Thursday, March 06, 2008

The Foley Artist

In the annals of weird jobs, this one popped up like an Irishman in Philadelphia on CNN yesterday.

A Foley Artist correctly uses whatever they can find to create and record the noises used to make the sound effects used in film, like heavy footsteps, rolling thunder or creaking doors.

I quote. CNN that is.

A little more research came up with a list of the greats:

Luke "Blaster Effect" George: Recorded a ball peen hammer on a high tension tower guy wire to convey the sound of lice issues Chewbacca was having in Star Wars. This effect was dropped for Empire Strikes Back.

Chuck Chapin sent 270 protogees out into United States movie houses in the early twentieth century with day-old Fred Harvey meatloaf specials. They were to consume the dish at the lower right hand side of the screen during the shoe eating scene of The Gold Rush.

Using only cigarette paper and a pocket comb, Louis Vanderville mimicked it being December 1941 and all America asleep for the production of Casablanca.

The famous Audible Murphy found that common drug store Vaseline sounded just like Vaseline in the production of Brokeback Mountain.

Trevis "Tenor" Fitzgerald sequestered himself for seven months in order to perfect the silence of the Lambs.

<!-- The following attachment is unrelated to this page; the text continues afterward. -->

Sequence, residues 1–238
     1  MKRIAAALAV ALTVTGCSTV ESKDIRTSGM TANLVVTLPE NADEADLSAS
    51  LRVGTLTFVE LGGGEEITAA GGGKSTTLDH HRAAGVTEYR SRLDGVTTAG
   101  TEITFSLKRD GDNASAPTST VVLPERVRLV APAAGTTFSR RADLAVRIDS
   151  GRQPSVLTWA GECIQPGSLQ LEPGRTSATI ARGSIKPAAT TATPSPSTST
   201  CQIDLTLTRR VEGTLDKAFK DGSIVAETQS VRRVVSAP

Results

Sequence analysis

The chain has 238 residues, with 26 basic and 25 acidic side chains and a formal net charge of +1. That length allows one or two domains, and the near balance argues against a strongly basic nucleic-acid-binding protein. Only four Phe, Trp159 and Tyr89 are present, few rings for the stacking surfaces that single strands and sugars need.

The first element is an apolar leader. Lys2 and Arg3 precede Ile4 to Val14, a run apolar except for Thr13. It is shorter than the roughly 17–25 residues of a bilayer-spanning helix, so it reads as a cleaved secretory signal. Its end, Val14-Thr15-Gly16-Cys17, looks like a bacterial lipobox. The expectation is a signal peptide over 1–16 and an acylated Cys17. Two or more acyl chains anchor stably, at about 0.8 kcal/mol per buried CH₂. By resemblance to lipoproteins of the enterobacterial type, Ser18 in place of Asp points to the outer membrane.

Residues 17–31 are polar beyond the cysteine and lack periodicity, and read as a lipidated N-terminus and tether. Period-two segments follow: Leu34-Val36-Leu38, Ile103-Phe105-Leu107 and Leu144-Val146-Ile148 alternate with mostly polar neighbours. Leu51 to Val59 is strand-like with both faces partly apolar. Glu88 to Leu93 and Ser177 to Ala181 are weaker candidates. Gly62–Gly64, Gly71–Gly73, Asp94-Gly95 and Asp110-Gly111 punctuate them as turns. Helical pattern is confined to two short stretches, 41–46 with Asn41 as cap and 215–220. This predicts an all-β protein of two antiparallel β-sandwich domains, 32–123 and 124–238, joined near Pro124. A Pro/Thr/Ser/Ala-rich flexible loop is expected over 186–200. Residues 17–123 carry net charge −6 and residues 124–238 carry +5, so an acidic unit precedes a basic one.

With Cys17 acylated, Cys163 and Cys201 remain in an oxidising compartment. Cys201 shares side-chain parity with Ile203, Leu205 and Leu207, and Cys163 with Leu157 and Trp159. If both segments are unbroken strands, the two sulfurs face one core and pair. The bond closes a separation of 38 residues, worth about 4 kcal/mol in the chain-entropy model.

Collectively, Foley artists have collected gloves, shoes, shoeboxes, aluminum foil and every size imaginable bottle but cannot re-create the sound of one hand clapping.

Sven Staarsgaard mimicked regret in all the Bergman films by drawing a feather over women's nylons.

And D. Whatserface Ofthesamename, scratching a pen on paper made the sound of a certain magazine believeable.

Bunny on.

2 Comments:

Blogger Sis said...

Brokeback Mountain. I'm afraid you're mistaken. It was spit.

10:36 PM  
Blogger Michael C said...

OK, I no longer desire to become a steer manure technician when I leave this job. I now want to be a Foley Artist.

Thanks for visiting my blog, btw!
;-)

3:23 PM  

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